On the other hand, the mitzvot are not to be regarded as difficult and grueling requirements that are fundamentally opposed to human nature and therefore beyond average human capabilities.  If the Torah is to be a Torah of life, then it must relate to all of the people and to their lives, and must be completely within their reach.    





This above reading follows the outline of Rabbi Avraham Ibn Ezra (12th century, Spain) who maintains that "wondrous" means hidden or mysterious, while "distant" implies over the "Great Ocean where a man cannot go because of the water's dark depth".  Thus, the Torah is neither mysterious and incomprehensible, nor overwhelmingly difficult to perform.  Rather, the mitzvot are upon one's lips and in one's heart, within reach and accessible, for "the main purpose of all of the mitzvot is to penetrate the heart.  Some mitzvot require verbalization ("upon your lips") in order to fortify the heart; others require actions in order to remember with one's words" (commentary to 30:14).


While the Ibn Ezra's formulation is readily meaningful to any adherent of Judaism, a faith that champions involved study and informed practice from all of its adherents, his remarks are nevertheless startling.  Often, as observant Jews, we relate (rather one dimensionally) to the mitzva acts as Divinely willed and therefore requiring no further justification for their fulfillment.  That is surely the case – the foundation stone upon which all else rests – but it is not the entire story.  Ibn Ezra calls our attention to a danger that is the potential scourge of every deed-based tradition: precisely because there is a demand placed upon the adherent to fulfill an act, be it ritual or moral, he or she can easily become lost in the intricacies and details of the deed while consistently failing to internalize its transformative effects.  In other words, we can become skilled practitioners of the faith while our hearts remain unmoved and impassive to its calls.  Emphasizing the importance of sincerity and authenticity in our relationship with God, Ibn Ezra reverses the traditional order of things.  Mitzva acts are only mandated by God because they have the potential to arouse words; words are only meaningful because they have the power to stir our emotions and thoughts, and the goal of it all is to transform the spirit and soften the adamant human heart.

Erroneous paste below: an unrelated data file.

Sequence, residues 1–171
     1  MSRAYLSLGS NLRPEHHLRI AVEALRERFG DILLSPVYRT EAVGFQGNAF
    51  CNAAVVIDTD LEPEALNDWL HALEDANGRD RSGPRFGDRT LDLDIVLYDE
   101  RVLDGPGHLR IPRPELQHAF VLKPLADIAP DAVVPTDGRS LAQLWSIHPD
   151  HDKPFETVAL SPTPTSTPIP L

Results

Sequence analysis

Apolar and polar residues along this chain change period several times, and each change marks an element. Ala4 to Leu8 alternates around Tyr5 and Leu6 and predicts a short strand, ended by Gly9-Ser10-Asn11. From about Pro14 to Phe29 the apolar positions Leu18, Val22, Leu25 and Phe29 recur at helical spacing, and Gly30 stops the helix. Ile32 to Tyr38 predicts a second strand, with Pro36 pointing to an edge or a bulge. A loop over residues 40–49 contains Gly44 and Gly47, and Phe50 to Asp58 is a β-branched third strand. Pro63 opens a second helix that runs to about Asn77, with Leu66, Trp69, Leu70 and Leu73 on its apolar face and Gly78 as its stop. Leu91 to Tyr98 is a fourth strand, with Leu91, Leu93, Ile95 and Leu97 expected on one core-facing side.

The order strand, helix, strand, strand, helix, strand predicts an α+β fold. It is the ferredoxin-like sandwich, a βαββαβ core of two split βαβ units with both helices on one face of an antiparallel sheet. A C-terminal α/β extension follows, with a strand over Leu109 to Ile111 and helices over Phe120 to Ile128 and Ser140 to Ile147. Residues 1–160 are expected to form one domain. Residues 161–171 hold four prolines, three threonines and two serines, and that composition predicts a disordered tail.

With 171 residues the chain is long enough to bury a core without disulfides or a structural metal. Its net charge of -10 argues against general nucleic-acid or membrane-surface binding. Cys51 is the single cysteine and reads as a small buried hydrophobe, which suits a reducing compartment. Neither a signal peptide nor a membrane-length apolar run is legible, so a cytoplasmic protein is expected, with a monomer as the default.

Ibn Ezra's comments on our passage can be more fully appreciated in light of his introductory remarks prefacing his interpretation of the Ten Utterances that occur in Sefer Shemot/Exodus 20.  There, he discusses the significance of the first command, the imperative to recognize God as the Liberator from Egypt:


     Concerning the first utterance of "I am God your Lord Who took you out of the land of Egypt, from the house of bondage"…realize that all of the mitzvot fall into one of three categories: they are either mitzvot of the heart, of speech, or mitzva acts.  Mitzvot of the heart are further broken down into two categories: positive mitzvot and negative mitzvot.  Examples of positive mitzvot of the heart are to "love God your Lord…" (Devarim/Deuteronomy 6:5), to cleave to Him (Devarim 11:1), to revere His glorious name (Devarim 28:58), and to love one's fellow as oneself (VaYikra/Leviticus 19:18).  Negative commands of the heart include the prohibition of hating one's fellow in one's heart, or being vengeful and bearing a grudge (VaYikra/Leviticus 19:17-18).  Mitzvot concerning speech are also positive or negative.  Thus there is the command to recite the Shema (Devarim 6:4-9), to bless God after partaking of a meal (Devarim 8:10), the Priestly benediction (Numbers/BeMidbar 6:22-27), the confession concerning tithes (Devarim 26:12-15), and many more besides.  Negative commands of speech include bearing false witness (Shemot/Exodus 20:16), not to blaspheme (Shemot 22:27), not to curse the "deaf" VaYikra 19;14), etc.  Mitzva acts, positive and negative, are abundant, and there is no need to offer examples of them.